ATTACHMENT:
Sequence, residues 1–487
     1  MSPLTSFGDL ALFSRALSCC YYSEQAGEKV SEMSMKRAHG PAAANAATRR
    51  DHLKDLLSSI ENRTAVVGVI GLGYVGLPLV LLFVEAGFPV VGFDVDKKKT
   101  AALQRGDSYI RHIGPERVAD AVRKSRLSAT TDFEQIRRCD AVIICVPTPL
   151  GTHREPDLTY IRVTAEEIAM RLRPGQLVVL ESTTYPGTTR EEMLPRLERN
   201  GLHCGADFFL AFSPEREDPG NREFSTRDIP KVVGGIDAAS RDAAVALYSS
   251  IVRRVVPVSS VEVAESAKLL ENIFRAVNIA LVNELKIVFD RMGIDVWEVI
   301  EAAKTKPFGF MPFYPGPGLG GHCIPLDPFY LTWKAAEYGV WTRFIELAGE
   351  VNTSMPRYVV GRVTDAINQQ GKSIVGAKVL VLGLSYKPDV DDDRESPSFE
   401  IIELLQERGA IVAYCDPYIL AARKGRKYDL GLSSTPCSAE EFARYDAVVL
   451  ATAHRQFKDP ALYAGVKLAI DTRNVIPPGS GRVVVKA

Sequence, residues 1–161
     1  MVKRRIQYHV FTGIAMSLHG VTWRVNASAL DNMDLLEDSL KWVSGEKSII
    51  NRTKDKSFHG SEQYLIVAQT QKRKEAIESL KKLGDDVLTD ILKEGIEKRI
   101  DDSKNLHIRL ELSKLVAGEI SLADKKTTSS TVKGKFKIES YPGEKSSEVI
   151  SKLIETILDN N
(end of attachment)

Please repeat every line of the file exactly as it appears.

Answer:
Sequence, residues 1–487
     1  MSPLTSFGDL ALFSRALSCC YYSEQAGEKV SEMSMKRAHG PAAANAATRR
    51  DHLKDLLSSI ENRTAVVGVI GLGYVGLPLV LLFVEAGFPV VGFDVDKKKT
   101  AALQRGDSYI RHIGPERVAD AVRKSRLSAT TDFEQIRRCD AVIICVPTPL
   151  GTHREPDLTY IRVTAEEIAM RLRPGQLVVL ESTTYPGTTR EEMLPRLERN
   201  GLHCGADFFL AFSPEREDPG NREFSTRDIP KVVGGIDAAS RDAAVALYSS
   251  IVRRVVPVSS VEVAESAKLL ENIFRAVNIA LVNELKIVFD RMGIDVWEVI
   301  EAAKTKPFGF MPFYPGPGLG GHCIPLDPFY LTWKAAEYGV WTRFIELAGE
   351  VNTSMPRYVV GRVTDAINQQ GKSIVGAKVL VLGLSYKPDV DDDRESPSFE
   401  IIELLQERGA IVAYCDPYIL AARKGRKYDL GLSSTPCSAE EFARYDAVVL
   451  ATAHRQFKDP ALYAGVKLAI DTRNVIPPGS GRVVVKA

Sequence, residues 1–161
     1  MVKRRIQYHV FTGIAMSLHG VTWRVNASAL DNMDLLEDSL KWVSGEKSII
    51  NRTKDKSFHG SEQYLIVAQT QKRKEAIESL KKLGDDVLTD ILKEGIEKRI
   101  DDSKNLHIRL ELSKLVAGEI SLADKKTTSS TVKGKFKIES YPGEKSSEVI
   151  SKLIETILDN N